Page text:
[Marxism] Mozart, Da Ponte, revolution

Louis Proyect lnp3 at panix.com
Fri Apr 14 07:56:29 MDT 2006


Now that I have had the opportunity over the past five years or so to 
familiarize myself with the entire opera tradition from Monterverdi to 
Philip Glass, I would strongly urge others to give it a chance. The rewards 
are enormous, both musically and as a sourcebook for understanding the 
class struggle. There is no question that a radical thread runs through 
opera over the centuries. This profoundly democratic and anti-authoritarian 
streak is no accident, since opera composers were subject to the whims and 
cruelty of people who ruled society and who paid their wage.

The earliest example are Mozart's Don Giovanni and The Marriage of Figaro. 
Mozart was a Freemason, an important semi-clandestine group that promoted 
visions of justice and equality. Freemasonry got the most open endorsement 
in the Magic Flute, but it is Don Giovanni and the Marriage of Figaro which 
are the most consciously anti-aristocratic works. Even though Don 
Giovanni--i.e., Don Juan--is hunted down by other aristocrats for seducing 
and abandoning their women, the point of view is of the outsider in court 
society who would look at all their escapades as having a decadent 
character. The wisest, most down-to-earth and likable character in Don 
Giovanni is his servant Leporello, who I would argue is a stand-in for 
Mozart himself. Mozart allows Leporello to confront the aristocrat in a way 
that most court servants would not be allowed to: "My dear Lord and Master, 
the life you that you lead is that of a scoundrel."

In The Marriage of Figaro, the plot revolves around the efforts of another 
servant to prevent his master from enjoying the feudal right to have sex 
with his wife-to-be, another servant. Declaring his intention to frustrate 
the Count's ambitions, Figaro sings one of the opera's best-known arias, 
"Se vuol ballare" or "If you would dance":

If, my Dear Count,
You feel like Dancing,
It's I Who'd call the tune.
If you'll come to my school,
I'll teach you How to caper.
I'll know how ... but wait, I can uncover
His secret design
More easily by dissembling.
Acting stealthily,
Acting openly,
Here stinging,
There mocking,
All your plots I'll overthrow.

Since the opera was first performed in 1786, 3 years before the French 
Revolution, I'd like to think this aria is better titled as "Rovescierò", 
or "I'll overthrow."

The anti-aristocratic tradition was kept alive in the operas of Giuseppi 
Verdi, whose "Don Carlos" is probably the most perfect expression of his 
love of individual and national liberty and his hatred of aristocratic and 
clerical tyranny. The libretto is based on Schiller's "Don Carlos," who is 
also the author of the "Ode to Joy" that climaxes Beethoven's Ninth 
Symphony. It should be noted, by the way, that Verdi, whose democratic 
credentials are impeccable, openly admitted that Wagner's aesthetics had 
influenced this late opera. He told people that he hoped that his own 
Neopolitan Opera House might become another Bayreuth.

Don Carlos is the Spanish monarch who is set to wed Elisabeth, a French 
member of royalty, in order to help bring about peace between the two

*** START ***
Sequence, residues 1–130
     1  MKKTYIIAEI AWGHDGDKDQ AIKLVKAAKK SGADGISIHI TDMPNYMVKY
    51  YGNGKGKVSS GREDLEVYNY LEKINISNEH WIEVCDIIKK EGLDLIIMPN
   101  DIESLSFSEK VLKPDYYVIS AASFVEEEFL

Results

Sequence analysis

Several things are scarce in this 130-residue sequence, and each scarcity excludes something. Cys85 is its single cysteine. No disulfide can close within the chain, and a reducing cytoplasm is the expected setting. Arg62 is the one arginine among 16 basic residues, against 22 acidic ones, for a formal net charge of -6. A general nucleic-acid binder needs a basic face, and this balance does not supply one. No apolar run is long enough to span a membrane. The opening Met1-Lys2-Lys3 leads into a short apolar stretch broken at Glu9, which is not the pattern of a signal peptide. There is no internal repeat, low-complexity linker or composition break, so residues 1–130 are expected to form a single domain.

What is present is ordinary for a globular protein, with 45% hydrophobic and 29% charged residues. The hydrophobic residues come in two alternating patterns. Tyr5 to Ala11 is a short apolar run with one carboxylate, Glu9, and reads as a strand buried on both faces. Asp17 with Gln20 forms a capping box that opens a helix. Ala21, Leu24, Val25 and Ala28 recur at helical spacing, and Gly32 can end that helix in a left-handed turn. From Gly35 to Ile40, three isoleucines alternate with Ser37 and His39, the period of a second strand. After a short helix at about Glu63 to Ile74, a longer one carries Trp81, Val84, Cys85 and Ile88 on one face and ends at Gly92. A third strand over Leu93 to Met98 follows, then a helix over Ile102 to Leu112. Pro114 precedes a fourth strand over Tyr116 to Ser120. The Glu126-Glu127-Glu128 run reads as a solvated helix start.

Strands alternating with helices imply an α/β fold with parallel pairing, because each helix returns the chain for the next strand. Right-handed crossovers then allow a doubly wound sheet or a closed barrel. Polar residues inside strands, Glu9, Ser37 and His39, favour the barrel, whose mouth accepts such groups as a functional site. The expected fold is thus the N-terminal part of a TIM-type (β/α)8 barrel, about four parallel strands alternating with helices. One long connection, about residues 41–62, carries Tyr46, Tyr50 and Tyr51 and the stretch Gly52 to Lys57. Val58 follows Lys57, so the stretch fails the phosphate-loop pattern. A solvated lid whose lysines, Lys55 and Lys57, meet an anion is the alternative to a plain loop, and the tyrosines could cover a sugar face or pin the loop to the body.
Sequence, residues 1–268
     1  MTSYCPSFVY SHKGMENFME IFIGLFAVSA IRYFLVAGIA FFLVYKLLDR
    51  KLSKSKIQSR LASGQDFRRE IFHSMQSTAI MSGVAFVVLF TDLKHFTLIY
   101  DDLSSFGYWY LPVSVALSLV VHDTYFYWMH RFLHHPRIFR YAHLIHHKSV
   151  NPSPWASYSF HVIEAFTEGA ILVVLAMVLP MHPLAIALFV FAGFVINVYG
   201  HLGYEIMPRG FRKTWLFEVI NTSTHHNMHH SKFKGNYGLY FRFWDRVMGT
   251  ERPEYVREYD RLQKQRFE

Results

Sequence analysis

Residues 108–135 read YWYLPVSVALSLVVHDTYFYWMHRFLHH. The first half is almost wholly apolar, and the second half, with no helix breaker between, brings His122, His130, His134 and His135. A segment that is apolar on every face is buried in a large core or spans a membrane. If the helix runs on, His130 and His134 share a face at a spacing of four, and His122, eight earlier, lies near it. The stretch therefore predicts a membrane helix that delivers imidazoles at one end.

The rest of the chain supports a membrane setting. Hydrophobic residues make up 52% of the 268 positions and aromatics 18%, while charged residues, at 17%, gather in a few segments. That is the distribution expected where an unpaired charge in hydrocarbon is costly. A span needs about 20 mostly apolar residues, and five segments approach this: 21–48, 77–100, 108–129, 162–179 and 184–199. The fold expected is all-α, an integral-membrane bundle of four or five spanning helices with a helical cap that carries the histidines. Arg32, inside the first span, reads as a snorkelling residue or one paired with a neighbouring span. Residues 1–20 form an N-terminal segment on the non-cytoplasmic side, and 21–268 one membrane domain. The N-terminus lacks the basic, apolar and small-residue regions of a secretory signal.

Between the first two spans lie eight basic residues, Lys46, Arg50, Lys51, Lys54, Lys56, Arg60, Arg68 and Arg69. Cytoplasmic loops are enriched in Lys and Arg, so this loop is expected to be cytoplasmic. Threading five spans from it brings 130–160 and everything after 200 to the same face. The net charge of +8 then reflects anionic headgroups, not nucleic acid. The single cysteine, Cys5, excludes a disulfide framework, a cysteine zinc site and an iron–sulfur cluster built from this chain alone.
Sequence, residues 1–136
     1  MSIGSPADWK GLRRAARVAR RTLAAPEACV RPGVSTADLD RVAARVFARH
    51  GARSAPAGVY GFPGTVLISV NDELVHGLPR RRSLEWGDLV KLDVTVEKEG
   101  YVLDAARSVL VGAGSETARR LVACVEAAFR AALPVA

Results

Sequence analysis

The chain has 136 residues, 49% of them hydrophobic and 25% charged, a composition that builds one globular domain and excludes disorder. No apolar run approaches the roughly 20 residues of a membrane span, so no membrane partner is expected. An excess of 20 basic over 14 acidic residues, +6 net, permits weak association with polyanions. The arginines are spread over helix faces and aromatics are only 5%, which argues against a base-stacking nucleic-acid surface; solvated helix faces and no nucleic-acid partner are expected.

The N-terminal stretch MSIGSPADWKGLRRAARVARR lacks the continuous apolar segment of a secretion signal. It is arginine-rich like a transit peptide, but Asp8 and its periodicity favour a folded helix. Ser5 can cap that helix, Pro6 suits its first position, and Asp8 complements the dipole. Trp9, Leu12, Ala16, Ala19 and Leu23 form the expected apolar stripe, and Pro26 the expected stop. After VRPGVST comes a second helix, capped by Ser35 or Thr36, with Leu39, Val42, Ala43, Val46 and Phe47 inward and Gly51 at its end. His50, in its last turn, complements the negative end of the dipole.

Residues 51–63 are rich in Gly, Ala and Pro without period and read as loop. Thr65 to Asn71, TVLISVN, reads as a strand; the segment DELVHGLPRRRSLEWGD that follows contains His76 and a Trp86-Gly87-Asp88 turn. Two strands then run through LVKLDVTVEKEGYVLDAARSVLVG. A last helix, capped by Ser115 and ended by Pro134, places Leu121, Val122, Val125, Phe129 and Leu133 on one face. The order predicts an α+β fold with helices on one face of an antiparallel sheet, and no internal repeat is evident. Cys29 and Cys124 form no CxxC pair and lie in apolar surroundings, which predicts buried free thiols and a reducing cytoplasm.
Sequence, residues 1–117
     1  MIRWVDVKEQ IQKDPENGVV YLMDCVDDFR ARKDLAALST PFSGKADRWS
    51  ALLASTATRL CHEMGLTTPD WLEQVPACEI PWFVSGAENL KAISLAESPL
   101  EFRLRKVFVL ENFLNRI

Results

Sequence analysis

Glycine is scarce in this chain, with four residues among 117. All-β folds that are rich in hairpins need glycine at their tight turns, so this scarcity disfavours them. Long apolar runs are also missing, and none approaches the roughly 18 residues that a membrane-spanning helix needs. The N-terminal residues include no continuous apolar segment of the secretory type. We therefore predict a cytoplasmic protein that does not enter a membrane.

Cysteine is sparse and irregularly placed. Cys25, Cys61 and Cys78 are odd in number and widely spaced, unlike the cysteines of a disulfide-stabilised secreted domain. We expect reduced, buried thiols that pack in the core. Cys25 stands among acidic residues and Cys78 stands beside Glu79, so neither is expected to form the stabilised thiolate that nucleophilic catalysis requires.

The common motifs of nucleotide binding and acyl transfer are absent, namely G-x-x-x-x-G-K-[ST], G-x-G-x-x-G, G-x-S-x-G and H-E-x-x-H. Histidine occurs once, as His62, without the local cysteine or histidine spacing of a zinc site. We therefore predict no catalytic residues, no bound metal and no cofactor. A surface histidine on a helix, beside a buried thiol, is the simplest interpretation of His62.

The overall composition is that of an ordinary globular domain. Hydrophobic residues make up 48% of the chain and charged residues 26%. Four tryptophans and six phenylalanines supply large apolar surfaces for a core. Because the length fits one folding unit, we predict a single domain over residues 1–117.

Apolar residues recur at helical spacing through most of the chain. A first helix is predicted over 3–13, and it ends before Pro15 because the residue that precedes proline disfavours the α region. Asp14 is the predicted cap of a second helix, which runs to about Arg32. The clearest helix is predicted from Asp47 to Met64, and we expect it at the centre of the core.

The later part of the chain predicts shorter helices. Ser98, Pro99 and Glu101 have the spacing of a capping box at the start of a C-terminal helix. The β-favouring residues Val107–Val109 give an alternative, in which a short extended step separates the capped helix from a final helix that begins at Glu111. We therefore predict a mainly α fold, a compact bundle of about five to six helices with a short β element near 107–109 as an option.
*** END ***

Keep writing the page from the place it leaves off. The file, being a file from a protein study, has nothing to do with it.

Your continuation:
countries. While he is of the nobility, Don Carlos harbors democratic 
aspirations. The main conflict in the opera is between Don Carlos and the 
more benighted elements of the court and the clergy. One of the 
archvillains of the opera is a Grand Inquisitor who urges the monarch 
Philip, Don Carlos's rival, to bloc with the church against all its enemies:

The ideas of the innovation have tainted your mind!
You wish to break with your feeble hand the sacred yoke extending over the 
Roman Catholic globe!
Return to your duty: the Church can offer to the man who has hope, who 
repents, complete forgiveness...

Since Italy had struggled against reactionary clericalism and the landed 
gentry for most of the 1800s, it is understandable why this would have 
influenced both Verdi and Puccini as well. Puccini is much more of a 
"popular" composer, whose emotional excesses were embraced wholeheartedly 
by Italy's working and peasant masses. The opera which best expresses his 
progressive politics is "Tosca," the story of a woman who would sleep with 
a right-wing torturer named Scarpia in exchange for his release of her 
lover Cavaradossi, a left-wing political prisoner. If you would purchase a 
recording of this opera, I would strongly urge the Callas/Di Stefano 
recording. Callas was identified with this role more than any other in her 
career.

Caravadossi has been arrested after intervening to save a woman from 
Scarpia's clutches. The theme of sexual predatory behavior is a constant 
one in Italian opera. Caravadossi sings:

Scarpia? That licentious bigot who exploits
The uses of religion as refinements
For his libertine lust, and makes
Both the confessor and the hangman
The servant of his wantonness!
I'll save you should it cost my life!

There has been a strong affinity between Marxism and opera over the years. 
The Fabian socialist George Bernard Shaw was an opera critic as well as a 
playwright who saw Wagner as a kindred thinker. In more recent years, 
Maynard Solomon has written books on Beethoven and Mozart that emphasize 
the social and political dimensions of their works, including their operas. 
Solomon is also the author of "Marxism and Art" and founder of Vanguard 
Records, a great label that recorded Beethoven piano sonatas and Pete 
Seeger alike. Mozart, Solomon says, was particularly sensitive to issues of 
economic exploitation and cites his comment that "No man ought to be mean, 
but neither ought he to be such a simpleton as to let other people take the 
profits from his work, which has cost him so much study and labor, by 
renouncing all further claims upon it."

full: http://www.columbia.edu/~lnp3/mydocs/culture/opera.htm

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